Comcast Apparently Hopes No One Actually Looks At Its Ridiculously Misleading Claims Of Broadband Competition
from the where-are-those-29-competitors dept
Comcast is ratcheting up its charm offensive (or perhaps that’s just offensive charm) in trying to get its attempted merger with Time Warner Cable approved. It’s released its “public interest statement” and a blog post about how wonderful the merger will be. There are plenty of ridiculous claims in both, but let’s focus on the key one — Comcast’s decision to completely fabricate “competitors” in various markets to argue that Comcast competes “in a dynamic, expanding and highly competitive marketplace.” Of course, for anyone who actually knows what broadband options they have at home are, this statement is clearly bullshit. But Comcast is going to pretend otherwise, because it’s Comcast. This chart really takes the cake:
In the past, we’ve reasonably mocked the FCC’s website listing broadband competitors, BroadbandMap.gov, because the results it gives are hilariously wrong and/or misleading. But Comcast’s competitive claims take this to a new level entirely. Even if we rely on the National Broadband Map, I challenge anyone to find any spot in New York City where someone has anywhere close to 29 choices for actual broadband. Just for fun, I put in an address in the heart of midtown Manhattan, and it coughed up a (laughably misleading) claim of seven competitors. Except three of them (AT&T, T-Mobile and Sprint) are just 3G/4G service over your phones with very low caps and limited speed. Those accounts are explicit that they’re not to be used for regular home broadband. So they don’t count. You have, of course, the traditional competitors: Time Warner Cable (who Comcast is trying to take over) and Verizon.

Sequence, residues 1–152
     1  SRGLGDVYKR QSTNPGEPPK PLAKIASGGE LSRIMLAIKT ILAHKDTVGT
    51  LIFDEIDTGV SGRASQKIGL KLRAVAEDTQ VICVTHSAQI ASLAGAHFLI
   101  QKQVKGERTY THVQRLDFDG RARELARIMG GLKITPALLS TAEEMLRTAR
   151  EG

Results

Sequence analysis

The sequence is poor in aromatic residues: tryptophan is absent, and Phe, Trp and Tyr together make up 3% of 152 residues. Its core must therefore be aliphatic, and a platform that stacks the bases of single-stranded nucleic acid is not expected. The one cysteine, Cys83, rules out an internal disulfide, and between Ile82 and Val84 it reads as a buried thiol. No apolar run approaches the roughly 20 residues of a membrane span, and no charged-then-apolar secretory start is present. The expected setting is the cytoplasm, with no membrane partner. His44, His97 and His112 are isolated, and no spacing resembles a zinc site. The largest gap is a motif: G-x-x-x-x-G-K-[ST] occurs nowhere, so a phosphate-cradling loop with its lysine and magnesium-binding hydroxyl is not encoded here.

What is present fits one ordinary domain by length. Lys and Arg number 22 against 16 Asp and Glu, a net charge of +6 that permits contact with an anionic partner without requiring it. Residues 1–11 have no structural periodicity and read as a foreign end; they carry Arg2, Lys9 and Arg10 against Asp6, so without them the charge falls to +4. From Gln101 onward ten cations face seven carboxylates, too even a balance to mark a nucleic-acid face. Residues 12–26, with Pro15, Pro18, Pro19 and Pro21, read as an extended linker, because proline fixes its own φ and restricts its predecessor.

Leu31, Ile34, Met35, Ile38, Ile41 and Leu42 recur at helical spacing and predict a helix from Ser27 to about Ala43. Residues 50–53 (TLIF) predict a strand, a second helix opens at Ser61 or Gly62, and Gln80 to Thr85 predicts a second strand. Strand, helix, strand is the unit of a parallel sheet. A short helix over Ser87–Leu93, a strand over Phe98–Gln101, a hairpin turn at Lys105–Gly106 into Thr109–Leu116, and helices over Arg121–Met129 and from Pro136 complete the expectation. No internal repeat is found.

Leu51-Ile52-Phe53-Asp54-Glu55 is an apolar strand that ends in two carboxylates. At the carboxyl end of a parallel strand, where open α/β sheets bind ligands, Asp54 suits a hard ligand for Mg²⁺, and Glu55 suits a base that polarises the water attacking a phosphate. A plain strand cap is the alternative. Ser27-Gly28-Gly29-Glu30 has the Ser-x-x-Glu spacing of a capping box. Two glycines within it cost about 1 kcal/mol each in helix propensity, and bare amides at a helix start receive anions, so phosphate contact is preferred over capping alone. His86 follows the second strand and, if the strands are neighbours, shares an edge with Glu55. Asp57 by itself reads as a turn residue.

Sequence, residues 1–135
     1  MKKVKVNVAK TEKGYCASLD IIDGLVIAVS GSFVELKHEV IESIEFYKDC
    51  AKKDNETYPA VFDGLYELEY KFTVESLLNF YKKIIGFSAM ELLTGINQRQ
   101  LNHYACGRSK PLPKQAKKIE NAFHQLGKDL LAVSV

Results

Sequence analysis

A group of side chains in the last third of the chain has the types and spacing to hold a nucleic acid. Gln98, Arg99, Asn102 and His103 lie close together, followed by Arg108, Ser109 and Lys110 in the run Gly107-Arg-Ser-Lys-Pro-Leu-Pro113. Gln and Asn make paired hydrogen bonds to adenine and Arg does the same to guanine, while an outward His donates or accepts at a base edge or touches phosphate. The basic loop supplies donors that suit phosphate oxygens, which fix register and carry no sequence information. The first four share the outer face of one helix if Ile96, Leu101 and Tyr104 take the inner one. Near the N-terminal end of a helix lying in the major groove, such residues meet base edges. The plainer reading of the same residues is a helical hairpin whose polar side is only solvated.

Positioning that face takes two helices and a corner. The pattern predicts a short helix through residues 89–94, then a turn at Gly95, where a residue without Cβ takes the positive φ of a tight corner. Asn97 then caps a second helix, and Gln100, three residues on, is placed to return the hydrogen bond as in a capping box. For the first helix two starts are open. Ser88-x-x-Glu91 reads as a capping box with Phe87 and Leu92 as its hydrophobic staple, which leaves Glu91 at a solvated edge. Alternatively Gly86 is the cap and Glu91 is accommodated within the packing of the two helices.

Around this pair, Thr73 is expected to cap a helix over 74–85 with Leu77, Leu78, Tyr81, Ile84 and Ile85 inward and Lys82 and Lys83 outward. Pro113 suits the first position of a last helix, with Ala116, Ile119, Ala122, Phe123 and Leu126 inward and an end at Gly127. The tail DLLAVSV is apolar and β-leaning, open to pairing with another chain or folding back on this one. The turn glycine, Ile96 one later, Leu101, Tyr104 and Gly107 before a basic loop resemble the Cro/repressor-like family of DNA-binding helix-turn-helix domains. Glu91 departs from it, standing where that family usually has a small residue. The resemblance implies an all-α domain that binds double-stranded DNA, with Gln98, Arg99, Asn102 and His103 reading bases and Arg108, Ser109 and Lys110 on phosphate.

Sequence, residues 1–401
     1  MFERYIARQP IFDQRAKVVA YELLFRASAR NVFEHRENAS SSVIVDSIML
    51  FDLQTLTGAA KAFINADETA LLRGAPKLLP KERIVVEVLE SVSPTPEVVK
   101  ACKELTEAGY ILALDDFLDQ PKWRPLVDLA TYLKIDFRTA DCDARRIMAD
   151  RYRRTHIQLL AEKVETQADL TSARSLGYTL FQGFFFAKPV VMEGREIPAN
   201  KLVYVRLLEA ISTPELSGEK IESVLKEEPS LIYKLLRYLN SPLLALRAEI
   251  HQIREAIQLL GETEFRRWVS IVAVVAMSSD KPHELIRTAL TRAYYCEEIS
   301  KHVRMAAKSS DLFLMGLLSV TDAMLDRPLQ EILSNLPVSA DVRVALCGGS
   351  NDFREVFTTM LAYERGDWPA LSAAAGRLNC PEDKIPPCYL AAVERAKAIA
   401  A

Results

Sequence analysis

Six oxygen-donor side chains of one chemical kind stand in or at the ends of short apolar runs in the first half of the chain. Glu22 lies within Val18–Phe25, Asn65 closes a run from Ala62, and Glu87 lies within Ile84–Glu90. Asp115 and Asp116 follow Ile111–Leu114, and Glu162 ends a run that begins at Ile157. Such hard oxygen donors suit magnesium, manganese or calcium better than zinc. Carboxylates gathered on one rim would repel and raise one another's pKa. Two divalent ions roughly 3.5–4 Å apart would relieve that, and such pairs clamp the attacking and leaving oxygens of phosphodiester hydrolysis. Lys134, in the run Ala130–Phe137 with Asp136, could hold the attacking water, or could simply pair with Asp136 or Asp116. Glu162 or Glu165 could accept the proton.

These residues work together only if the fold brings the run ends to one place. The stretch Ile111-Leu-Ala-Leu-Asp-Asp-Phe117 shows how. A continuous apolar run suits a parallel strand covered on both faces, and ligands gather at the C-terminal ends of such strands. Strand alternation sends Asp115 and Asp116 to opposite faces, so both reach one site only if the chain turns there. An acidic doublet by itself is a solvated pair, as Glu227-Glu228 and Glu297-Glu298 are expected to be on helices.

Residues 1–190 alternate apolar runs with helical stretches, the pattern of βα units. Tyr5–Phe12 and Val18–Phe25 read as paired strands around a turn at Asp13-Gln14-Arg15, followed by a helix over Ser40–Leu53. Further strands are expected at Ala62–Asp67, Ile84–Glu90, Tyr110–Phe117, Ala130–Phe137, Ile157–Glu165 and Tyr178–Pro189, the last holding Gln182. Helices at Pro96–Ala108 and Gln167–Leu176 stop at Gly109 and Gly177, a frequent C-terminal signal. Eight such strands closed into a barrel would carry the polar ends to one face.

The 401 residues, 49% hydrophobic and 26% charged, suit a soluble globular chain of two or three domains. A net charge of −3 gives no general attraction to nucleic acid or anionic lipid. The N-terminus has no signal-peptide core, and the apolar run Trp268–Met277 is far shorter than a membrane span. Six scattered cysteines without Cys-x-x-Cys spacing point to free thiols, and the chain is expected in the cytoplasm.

And who else? There’s just Lightower Fiber Networks and Platinum Equity LLC. Platinum Equity is the private equity firm that bought out MegaPath, a DSL company that has been around (in various forms) for many years, but is only focused on business broadband. Ditto for Lightower Fiber, which only serves businesses. So, oh look, if you want true residential broadband, guess what: your choice is Time Warner Cable or Verizon. And, remember, Verizon is actively trying to get out of the wired broadband market, handing its users over to… their main cable competitors. So, it might not be left until your only real “choice” in the heart of midtown Manhattan is… Time Warner… I mean, Comcast.
So, um, what’s that about 29 competitors?